Technology company, gambling company or both?


Most great business ideas are based on the simplest of premises. But it’s often said that success is 10% inspiration and 90% perspiration. In other words, it’s essential to have the right initial “eureka” type moment, but it will be the application and delivery required afterwards that will really determine its success.

This is clearly the case when it comes to peer to peer gambling exchanges. The initial idea of having simply a market online of buyers and sellers like so many others, but in the gambling world, was a very novel one back at the turn of the century.

It may seem like nothing particularly ground-breaking now – but it most certainly was back then. And the company that has come to dominate this market, becoming the largest gambling exchange in the world, is the FTSE 250-listed Betfair. The company also has the appropriate epic code of “BET”.

Based next to the river Thames in Hammersmith, Betfair sees itself today much more as a tech-based business than a gambling one. But it’s probably fair to say that the rest of the world doesn’t share that view. Ask the man in the street what it’s all about and he’ll probably say it’s something to do with horse racing – even if he doesn’t know much of the detail. But whilst gambling on horse racing remains huge, other sports are now catching up.

Football, in particular, is the big growth area globally – with millions being gambled on the biggest games and with the World Cup just around the corner, you can bet there’ll be a huge scramble for market share.

And in order to win that market share, Betfair has to market itself aggressively against all the big bookmakers out there – but it has to really concentrate much more than most on getting its technology platform absolutely spot on.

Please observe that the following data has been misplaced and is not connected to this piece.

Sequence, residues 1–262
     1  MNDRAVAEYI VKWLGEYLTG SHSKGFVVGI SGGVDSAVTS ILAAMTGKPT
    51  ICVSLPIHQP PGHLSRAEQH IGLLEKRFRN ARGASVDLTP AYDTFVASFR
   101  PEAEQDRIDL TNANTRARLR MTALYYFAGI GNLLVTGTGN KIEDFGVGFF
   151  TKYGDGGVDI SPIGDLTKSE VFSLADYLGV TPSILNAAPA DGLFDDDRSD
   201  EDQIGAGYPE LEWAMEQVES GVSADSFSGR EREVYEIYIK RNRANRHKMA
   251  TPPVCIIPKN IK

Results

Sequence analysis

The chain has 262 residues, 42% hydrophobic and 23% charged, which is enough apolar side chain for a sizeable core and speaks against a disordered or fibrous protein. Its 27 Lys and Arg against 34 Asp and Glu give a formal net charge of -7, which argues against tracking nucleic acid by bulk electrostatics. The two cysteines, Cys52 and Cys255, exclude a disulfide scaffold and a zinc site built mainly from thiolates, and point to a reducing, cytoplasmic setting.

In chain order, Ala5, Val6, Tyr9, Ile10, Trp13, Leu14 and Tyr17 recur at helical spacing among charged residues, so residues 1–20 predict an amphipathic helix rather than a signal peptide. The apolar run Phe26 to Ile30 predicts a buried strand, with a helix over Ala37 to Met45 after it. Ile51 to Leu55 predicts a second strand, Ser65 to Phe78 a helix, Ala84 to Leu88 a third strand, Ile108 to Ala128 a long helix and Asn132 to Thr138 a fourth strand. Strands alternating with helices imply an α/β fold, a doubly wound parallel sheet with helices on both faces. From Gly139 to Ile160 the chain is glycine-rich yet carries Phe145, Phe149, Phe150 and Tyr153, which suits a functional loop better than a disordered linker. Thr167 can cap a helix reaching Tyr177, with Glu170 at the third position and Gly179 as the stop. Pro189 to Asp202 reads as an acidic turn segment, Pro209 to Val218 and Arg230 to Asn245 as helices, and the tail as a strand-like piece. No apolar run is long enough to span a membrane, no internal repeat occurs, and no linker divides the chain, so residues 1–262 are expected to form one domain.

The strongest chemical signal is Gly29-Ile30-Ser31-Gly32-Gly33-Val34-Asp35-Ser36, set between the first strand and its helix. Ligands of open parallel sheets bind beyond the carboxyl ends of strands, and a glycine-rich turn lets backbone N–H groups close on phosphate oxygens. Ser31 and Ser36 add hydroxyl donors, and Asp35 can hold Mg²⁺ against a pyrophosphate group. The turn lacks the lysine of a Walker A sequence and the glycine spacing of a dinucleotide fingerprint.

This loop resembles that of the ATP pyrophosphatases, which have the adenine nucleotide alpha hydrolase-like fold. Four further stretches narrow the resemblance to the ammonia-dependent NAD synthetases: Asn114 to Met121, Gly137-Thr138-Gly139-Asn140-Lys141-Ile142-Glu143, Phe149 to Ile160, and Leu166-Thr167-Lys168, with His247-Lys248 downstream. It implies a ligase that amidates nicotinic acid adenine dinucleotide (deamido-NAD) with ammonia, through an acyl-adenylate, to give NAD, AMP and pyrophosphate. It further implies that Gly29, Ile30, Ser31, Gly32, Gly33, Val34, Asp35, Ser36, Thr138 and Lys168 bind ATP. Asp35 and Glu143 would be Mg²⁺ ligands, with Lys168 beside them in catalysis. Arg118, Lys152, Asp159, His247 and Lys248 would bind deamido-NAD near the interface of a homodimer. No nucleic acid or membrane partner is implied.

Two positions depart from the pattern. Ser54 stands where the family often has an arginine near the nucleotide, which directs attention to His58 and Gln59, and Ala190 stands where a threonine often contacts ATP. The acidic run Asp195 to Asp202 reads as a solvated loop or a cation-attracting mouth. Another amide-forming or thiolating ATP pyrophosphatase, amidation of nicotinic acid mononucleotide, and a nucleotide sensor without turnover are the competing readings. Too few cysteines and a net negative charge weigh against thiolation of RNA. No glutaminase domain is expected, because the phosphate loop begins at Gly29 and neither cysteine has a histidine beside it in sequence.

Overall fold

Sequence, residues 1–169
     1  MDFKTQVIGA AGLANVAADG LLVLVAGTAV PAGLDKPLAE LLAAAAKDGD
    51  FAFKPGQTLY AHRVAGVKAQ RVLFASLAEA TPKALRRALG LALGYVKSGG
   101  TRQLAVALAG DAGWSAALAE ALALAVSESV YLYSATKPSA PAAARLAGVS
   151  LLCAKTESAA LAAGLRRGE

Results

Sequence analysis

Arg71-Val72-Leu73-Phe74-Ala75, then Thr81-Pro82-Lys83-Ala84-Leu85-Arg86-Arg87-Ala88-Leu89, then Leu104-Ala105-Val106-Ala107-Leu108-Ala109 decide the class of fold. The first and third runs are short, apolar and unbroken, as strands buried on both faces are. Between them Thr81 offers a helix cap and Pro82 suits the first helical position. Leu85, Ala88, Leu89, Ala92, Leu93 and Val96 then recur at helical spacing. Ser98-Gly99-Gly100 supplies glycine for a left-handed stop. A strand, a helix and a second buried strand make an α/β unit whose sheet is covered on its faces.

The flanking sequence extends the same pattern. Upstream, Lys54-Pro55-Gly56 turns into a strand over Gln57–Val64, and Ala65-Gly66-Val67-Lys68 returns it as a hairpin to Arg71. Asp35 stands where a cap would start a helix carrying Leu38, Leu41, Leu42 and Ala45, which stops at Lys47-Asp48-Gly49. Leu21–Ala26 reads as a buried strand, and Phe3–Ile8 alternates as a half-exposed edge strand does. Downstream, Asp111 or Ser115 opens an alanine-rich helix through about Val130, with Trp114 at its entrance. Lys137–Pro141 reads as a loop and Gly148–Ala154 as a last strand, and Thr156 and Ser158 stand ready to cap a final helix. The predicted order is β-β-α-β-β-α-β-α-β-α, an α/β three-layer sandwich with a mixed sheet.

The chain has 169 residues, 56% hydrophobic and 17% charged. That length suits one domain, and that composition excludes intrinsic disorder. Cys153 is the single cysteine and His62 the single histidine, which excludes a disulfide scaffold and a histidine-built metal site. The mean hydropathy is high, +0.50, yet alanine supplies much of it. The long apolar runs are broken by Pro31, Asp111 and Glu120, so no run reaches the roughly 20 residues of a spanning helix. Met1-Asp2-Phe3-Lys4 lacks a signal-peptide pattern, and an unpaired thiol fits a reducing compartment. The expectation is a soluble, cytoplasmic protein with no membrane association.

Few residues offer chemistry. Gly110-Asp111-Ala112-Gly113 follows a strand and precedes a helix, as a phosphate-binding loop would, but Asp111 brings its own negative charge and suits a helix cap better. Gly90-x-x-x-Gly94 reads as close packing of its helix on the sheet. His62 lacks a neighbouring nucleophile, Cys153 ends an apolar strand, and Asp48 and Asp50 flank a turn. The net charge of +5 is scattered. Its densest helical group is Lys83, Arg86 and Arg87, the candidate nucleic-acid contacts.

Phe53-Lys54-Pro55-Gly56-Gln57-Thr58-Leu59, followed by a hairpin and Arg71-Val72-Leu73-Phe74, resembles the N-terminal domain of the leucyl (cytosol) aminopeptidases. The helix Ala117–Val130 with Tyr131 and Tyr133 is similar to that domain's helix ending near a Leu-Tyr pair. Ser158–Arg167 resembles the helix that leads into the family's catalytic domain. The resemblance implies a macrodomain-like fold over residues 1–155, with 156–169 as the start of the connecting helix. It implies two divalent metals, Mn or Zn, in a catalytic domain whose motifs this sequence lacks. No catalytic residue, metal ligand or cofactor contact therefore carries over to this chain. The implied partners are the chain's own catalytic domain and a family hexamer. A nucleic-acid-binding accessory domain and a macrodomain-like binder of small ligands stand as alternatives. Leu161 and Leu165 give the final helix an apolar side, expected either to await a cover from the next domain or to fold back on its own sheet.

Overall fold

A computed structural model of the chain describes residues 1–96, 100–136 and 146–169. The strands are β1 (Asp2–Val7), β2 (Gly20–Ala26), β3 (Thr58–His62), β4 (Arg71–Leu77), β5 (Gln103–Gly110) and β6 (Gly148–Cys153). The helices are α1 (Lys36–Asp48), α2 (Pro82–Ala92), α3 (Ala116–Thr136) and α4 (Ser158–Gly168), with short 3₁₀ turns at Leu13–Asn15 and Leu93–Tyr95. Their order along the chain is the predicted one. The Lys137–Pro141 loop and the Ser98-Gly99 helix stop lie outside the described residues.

This is reflected in the headquarters which looks like it belongs more in Palo Alto. Today, Betfair, which launched in 2000, has annualised revenues of around £400 million and is still managing to increase its numbers of customers in the UK and Ireland. It is also seeing revenue and margin growth in its Betfair USA operation and has launched a casino in New Jersey.

But it was launched at the absolute apex of the “dotcom” boom, as one of two different companies to introduce peer-to-peer gambling to the web. Betfair bought out its rival, Flutter.com, the year after it floated. Co-founder Andrew Black merged the companies to broadly build an exchange betting mechanism based on that of the New York Stock Exchange – replicating the rapid flexibility and opportunity to be able to buy and/or sell. Before the exchanges were introduced, people the man in the street couldn’t legally take both sides in any betting mechanism. This meant that traditional bookies were able to set the price and punters simply had to take it or leave it.

Of course – all that is now history and Betfair managed to bring power to the punter, with itself as the marginal middleman, averaging around 5% commission of the winning bet in all transactions; nice work if you can get it!

Today, Betfair is the largest operator by a long chalk in peer-to-peer gambling exchanges, accounting for around three-quarters of the UK exchange betting market.

But ask any employee – and it’s really all about the technology platform.

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